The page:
If you’ve ever tried African cuisine before, or have at least researched the topic, you know that most traditional dishes came as a result of several countries trading, colonizing, or simply passing through the continent. Of course, each African country has its unique cuisine and variations of the most popular recipes, but there is one particular dish that you can’t find anywhere else. It’s Namibia’s flavorful Potjiekos.
Namibia: An Unexpected Crossover of Flavors, Spices… & Beer
At the far down section of the southern hemisphere, the beautiful country of Namibia is home to a certain German influence. It finds its expression in virtually all mealtimes in the country – from breakfast and dinner, all the way to craft beer. Yep, you read that right. Namibia follows the German purity Law from 1516 that stipulates beer should only contain wheat, barley, or hops. This takes Namibia’s brewing mastery to a whole new level. In terms of food, a bowl of potjiekos is the perfect way to pamper your taste buds and get an intricate taste of Africa.
- 3 lb lamb stew, cubed
- 2 onions, chopped
- 1 lb baby potatoes
- 1 lb small carrots
- 2 tablespoons vegetable oil
- 2 tablespoons curry powder
- 1 tablespoon sugar
- 1 tablespoon turmeric
- 3 cups beef stock
- 1 cup red wine
- ½ cup milk
- Salt and pepper to taste
How to Make Traditional Namibian Potjiekos
Potjiekos is a one-pot stew that’s typically cooked in a cast iron pot (called potjie) over an open fire. To prepare it, you need to start with the meat.
Place the lamb in a potjie pot filled with hot oil, season with salt and pepper, and cook over medium heat until it starts to brown. Remove the meat from the pot and place the onions in its place. Sauté for about 8 minutes and then return the lamb in the pot.
Add beef stock so it covers the ingredients, and turn the heat low. Let it simmer with the lid on for about an hour.
Then, add the potatoes and carrots and continue simmering for another half hour. Mix the curry powder, turmeric, and sugar with the milk and stir the mixture into the strew. Bring it to a boil and let it simmer for 30 more minutes. Serve the potjiekos with mieliepap (maize porridge) or rice.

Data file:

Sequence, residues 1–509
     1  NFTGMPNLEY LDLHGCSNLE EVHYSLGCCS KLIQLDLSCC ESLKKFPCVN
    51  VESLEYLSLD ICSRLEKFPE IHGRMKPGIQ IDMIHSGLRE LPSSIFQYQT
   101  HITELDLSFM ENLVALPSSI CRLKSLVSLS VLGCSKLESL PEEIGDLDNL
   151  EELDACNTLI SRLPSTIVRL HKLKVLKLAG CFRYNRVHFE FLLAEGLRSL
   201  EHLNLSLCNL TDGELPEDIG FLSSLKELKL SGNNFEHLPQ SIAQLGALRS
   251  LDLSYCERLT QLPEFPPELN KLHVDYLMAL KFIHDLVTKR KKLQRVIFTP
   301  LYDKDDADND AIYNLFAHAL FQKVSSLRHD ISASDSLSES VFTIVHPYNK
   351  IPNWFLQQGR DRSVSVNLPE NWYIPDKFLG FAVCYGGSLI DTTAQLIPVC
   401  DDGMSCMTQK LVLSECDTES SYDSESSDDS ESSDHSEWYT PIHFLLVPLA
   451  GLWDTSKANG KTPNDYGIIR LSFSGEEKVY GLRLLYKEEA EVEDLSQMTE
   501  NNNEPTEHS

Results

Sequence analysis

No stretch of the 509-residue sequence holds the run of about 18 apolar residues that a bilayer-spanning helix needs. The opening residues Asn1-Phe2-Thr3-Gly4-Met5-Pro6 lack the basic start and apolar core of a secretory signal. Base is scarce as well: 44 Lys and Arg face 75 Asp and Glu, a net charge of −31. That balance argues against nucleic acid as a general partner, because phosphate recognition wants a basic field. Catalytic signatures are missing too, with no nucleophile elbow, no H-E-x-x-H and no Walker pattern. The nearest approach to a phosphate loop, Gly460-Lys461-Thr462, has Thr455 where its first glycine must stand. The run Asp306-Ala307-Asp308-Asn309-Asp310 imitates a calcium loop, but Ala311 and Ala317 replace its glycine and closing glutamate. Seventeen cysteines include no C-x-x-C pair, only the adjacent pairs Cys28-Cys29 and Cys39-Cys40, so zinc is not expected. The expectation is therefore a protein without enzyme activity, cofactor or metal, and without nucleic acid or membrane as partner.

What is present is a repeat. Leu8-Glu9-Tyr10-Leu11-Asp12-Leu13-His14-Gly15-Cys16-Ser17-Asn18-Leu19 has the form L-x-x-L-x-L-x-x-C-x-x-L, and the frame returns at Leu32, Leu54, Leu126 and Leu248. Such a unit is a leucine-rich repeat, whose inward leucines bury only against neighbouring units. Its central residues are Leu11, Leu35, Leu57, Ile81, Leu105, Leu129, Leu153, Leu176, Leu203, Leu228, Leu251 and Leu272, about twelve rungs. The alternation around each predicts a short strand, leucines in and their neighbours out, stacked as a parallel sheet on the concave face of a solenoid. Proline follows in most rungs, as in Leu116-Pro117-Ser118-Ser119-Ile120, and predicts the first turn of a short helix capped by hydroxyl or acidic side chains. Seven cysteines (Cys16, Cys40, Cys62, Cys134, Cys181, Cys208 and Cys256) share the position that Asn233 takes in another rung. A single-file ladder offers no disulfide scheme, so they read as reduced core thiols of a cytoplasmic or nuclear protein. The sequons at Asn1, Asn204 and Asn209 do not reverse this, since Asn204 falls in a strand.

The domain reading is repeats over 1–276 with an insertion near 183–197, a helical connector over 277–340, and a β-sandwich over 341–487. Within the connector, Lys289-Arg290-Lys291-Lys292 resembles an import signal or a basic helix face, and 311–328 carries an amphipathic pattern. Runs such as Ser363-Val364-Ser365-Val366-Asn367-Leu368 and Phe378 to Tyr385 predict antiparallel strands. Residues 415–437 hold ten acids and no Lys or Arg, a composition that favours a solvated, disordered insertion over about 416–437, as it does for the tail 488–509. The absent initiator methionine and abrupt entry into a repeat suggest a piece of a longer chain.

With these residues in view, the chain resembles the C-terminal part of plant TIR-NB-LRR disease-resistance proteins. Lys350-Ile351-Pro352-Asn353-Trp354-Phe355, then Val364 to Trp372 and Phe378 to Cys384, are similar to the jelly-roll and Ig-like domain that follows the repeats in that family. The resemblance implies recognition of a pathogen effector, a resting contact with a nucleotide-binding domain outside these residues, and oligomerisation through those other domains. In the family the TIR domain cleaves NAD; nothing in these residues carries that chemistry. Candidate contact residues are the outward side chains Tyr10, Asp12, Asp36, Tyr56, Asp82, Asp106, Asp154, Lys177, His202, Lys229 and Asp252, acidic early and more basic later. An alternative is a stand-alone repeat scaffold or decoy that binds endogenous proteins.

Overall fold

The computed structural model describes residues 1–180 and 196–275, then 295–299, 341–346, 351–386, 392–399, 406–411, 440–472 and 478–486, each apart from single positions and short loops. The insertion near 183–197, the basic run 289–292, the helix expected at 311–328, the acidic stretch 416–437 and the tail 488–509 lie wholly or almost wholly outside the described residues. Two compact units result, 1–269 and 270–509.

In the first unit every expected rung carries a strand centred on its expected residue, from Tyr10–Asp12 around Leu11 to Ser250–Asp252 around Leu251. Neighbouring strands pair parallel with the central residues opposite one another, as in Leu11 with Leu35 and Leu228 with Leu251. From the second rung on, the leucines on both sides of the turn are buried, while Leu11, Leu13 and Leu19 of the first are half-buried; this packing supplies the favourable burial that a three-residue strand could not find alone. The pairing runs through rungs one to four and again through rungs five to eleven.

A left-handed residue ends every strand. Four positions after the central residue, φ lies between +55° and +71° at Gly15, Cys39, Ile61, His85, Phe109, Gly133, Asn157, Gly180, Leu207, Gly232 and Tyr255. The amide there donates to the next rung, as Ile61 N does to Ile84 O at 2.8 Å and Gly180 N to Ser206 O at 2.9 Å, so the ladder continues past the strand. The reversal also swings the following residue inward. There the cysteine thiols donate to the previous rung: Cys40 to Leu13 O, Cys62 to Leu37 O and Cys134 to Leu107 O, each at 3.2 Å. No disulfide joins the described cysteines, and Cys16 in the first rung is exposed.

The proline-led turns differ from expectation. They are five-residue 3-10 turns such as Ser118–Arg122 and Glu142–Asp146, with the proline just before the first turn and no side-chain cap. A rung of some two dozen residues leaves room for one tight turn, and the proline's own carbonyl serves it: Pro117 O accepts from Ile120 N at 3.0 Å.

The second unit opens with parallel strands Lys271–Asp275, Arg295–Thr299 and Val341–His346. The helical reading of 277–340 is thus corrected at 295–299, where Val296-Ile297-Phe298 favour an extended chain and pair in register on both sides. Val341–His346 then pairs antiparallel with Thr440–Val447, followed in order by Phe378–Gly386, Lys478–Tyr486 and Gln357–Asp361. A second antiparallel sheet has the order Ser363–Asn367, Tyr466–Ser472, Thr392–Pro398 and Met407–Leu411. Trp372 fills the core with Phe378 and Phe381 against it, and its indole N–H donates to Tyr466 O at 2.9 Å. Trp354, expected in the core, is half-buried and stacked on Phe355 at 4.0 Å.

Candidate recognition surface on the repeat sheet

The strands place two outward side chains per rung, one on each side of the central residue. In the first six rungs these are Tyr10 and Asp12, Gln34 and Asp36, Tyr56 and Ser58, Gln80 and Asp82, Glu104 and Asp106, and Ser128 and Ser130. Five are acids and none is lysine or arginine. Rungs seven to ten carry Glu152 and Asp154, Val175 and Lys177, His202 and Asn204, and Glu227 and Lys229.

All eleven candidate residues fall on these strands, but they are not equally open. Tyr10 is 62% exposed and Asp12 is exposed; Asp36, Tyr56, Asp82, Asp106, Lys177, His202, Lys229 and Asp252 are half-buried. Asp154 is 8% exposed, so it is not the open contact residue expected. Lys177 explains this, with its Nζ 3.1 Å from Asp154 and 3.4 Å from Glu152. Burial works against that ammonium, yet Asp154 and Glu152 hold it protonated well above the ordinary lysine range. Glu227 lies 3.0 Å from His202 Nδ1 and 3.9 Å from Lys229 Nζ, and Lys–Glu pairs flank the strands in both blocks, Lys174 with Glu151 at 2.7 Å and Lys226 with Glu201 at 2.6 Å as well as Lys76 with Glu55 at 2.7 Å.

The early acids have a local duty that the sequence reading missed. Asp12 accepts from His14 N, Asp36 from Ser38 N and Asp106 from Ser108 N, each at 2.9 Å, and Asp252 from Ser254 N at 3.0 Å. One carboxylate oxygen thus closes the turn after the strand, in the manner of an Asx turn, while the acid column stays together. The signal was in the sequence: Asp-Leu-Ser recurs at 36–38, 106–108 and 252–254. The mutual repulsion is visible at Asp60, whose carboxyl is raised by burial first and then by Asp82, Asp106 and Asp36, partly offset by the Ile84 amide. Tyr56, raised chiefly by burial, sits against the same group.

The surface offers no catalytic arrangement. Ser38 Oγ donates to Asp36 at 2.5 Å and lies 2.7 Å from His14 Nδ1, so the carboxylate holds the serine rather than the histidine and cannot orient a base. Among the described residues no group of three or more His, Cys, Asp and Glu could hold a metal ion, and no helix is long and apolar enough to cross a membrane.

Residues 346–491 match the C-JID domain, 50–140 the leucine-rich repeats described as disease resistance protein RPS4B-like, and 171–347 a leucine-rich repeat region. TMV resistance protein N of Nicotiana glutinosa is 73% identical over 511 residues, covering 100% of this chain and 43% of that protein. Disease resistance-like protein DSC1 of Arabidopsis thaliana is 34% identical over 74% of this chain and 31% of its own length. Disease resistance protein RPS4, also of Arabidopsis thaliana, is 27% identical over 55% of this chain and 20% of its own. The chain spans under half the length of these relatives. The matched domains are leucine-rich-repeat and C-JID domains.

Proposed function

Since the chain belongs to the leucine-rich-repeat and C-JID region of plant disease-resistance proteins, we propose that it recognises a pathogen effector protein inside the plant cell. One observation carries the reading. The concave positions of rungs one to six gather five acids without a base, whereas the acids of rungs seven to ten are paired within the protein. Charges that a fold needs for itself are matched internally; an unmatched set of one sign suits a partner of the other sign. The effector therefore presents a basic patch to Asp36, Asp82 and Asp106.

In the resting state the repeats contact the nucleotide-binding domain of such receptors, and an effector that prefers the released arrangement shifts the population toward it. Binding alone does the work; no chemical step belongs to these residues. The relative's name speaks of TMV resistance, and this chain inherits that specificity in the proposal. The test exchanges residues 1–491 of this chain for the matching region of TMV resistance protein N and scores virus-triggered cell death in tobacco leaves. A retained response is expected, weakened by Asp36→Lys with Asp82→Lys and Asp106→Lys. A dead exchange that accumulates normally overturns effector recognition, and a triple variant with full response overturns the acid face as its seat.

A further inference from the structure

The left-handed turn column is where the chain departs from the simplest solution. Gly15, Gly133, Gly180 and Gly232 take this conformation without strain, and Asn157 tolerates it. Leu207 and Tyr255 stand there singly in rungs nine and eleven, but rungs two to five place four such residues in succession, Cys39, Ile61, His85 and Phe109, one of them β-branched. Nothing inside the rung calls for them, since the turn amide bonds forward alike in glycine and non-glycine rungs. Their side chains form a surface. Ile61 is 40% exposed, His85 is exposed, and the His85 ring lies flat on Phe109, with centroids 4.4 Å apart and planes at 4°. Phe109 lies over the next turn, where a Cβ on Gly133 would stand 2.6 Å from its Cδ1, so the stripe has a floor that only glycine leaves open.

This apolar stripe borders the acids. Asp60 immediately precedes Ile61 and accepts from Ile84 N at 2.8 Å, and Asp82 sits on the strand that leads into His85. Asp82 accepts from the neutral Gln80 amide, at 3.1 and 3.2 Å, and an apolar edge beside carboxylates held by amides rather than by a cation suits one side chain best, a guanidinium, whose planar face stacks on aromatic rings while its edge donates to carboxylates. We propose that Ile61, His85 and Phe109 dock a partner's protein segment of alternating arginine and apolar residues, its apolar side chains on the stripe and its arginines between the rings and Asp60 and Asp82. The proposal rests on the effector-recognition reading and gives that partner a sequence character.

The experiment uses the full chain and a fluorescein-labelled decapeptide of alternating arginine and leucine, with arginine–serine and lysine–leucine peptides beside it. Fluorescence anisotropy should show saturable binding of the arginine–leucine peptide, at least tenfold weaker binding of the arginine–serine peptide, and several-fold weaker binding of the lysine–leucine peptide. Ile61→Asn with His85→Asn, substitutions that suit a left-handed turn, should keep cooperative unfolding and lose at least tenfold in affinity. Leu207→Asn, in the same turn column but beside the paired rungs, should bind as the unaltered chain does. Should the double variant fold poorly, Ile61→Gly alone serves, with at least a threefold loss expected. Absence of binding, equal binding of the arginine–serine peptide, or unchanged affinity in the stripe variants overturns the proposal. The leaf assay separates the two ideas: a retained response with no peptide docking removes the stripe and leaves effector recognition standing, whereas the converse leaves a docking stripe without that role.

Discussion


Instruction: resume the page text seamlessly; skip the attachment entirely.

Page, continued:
A Chef’s Grand-Scale Inspiring Effort to Feed His Native India
The year 2020 was certainly a rough one for the entire world and all its countries, and India is no exception. Recent events have left millions of people in poverty and without the basic means to survive. That is why Michelin star chef, film director, and author, Vikas Khanna started and is still managing the campaign called #FeedIndia.
Feeding Millions in India
With 400 million people in his home country being forced into poverty, Khanna decided that something must be done in order to help his people persevere through these hard times. Using the leverage granted by his fame back home, he made a coalition of food distributors, cooks, and even bureaucrats to help him start feeding the people. Khanna explains that this isn’t done through donations of money but that people who are in the position to help, such as food production and distribution companies as well as wealthy individuals, can have important ingredients, such as rice, sent to the satellite kitchens that have been set up throughout the country. So far, over 50 million meals have been served in orphanages, shelters, and even gas stations by roads where people are walking to work.
An Act of Kindness and Duty
Khanna has classical, French training and combines those skills with the iconic flavors of India that he learned from his grandmother. He says that a chef should be able to understand hunger on a deeper level, to find a solution and do something about it. From half the world away, this chef managed to mobilize an army that was able to set up kitchens within 6 hours of the beginning of the initiative and begin serving food within 8 hours. He put every other plan for his cooking empire aside and remains focused on this altruistic mission. Khanna said that he’s following the words of his mother that it’s his duty to feed his people because all his training and awards have put him in a position to make a difference.